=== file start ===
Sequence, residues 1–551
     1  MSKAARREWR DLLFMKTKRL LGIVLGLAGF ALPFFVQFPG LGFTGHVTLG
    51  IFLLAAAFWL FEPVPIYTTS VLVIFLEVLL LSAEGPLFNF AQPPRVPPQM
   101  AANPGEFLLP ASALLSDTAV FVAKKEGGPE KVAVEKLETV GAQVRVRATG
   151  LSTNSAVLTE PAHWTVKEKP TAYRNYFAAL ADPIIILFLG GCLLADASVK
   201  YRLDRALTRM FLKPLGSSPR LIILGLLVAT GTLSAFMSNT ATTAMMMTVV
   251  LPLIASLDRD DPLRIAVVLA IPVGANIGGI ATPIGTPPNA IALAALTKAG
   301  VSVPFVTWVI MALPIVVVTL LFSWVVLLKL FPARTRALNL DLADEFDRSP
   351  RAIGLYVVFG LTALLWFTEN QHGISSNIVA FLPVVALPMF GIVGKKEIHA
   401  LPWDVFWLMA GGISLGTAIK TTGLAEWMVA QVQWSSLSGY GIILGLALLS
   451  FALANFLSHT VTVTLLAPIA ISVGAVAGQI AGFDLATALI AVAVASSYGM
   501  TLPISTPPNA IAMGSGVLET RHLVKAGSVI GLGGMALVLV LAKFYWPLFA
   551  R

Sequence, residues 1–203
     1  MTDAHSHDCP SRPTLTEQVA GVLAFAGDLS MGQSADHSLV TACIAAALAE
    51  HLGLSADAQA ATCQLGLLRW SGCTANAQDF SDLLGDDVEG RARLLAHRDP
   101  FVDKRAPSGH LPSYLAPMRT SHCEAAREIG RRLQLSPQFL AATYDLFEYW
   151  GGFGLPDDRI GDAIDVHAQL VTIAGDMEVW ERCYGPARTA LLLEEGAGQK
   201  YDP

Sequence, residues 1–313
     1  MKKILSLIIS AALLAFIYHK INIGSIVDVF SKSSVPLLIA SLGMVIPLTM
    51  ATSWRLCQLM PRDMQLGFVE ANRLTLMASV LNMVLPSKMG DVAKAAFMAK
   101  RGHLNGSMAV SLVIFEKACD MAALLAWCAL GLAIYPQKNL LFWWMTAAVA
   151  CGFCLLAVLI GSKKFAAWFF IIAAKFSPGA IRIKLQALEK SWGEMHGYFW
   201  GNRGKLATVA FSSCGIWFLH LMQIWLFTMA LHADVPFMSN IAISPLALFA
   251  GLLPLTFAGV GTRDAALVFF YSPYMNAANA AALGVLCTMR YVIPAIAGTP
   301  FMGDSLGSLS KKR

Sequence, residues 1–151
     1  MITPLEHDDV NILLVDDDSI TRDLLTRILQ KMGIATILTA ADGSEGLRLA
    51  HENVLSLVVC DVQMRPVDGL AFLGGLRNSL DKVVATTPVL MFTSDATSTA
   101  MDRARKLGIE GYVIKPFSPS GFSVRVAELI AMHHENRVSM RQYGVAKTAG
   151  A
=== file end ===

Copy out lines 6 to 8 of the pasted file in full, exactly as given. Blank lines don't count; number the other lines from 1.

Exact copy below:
   201  YRLDRALTRM FLKPLGSSPR LIILGLLVAT GTLSAFMSNT ATTAMMMTVV
   251  LPLIASLDRD DPLRIAVVLA IPVGANIGGI ATPIGTPPNA IALAALTKAG
   301  VSVPFVTWVI MALPIVVVTL LFSWVVLLKL FPARTRALNL DLADEFDRSP